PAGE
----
While President Joe Biden faces an array of complex foreign and domestic challenges, early proactive outreach to North Korea must be a priority.
Under evaluation are lower-yield nuclear weapons, and select command, control and communications.
Existing plans call for a 29 percent increase in funds to sustain and modernize U.S. nuclear warheads.
President Joe Biden entered office with a deep knowledge of the dangers of nuclear weapons and the arms race. During the campaign, he said the United States “does not need new nuclear weapons” and “will work to maintain a strong, credible deterrent while reducing our reliance and excessive expenditure on nuclear weapons.”
The arrival of the Biden administration opens the door for possible changes in U.S. policy on nuclear use and non-use.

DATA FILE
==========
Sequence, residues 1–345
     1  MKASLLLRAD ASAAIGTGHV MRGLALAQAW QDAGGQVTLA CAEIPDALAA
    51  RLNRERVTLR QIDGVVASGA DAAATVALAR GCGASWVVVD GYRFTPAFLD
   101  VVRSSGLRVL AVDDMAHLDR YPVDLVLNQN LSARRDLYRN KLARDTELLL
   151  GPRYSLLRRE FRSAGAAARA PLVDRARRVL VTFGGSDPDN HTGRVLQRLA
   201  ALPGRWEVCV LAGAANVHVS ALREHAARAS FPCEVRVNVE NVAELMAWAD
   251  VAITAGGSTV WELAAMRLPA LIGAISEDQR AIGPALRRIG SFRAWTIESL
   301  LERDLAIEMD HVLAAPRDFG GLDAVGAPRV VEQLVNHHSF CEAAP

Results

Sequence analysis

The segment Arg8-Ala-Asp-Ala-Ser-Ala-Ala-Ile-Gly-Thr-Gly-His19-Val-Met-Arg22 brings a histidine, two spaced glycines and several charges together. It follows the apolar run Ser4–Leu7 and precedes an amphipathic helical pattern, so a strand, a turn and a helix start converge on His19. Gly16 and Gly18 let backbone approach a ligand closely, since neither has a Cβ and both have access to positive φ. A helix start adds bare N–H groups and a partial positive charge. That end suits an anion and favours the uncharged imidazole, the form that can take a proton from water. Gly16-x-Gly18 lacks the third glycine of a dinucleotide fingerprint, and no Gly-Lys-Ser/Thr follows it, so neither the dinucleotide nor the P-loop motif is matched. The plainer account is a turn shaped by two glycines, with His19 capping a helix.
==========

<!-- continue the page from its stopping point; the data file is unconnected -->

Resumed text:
U.S. expenditures on missile defense from 2020 to 2029 may reach $176 billion, a 40 percent increase from an earlier estimate.
The history of the nuclear age shows that public pressure for saner nuclear weapons policies are essential for progress. Join us to learn what opportunities exist to finally eliminate these weapons and what you can do to help.
A Statement from Executive Director Daryl G. Kimball
Analysts will review the most consequential nuclear weapons challenges that the incoming administration will need to address in its first 100 days and outline their recommendations as described in the new report, "Nuclear Challenges for the Biden Administration in the First 100 Days."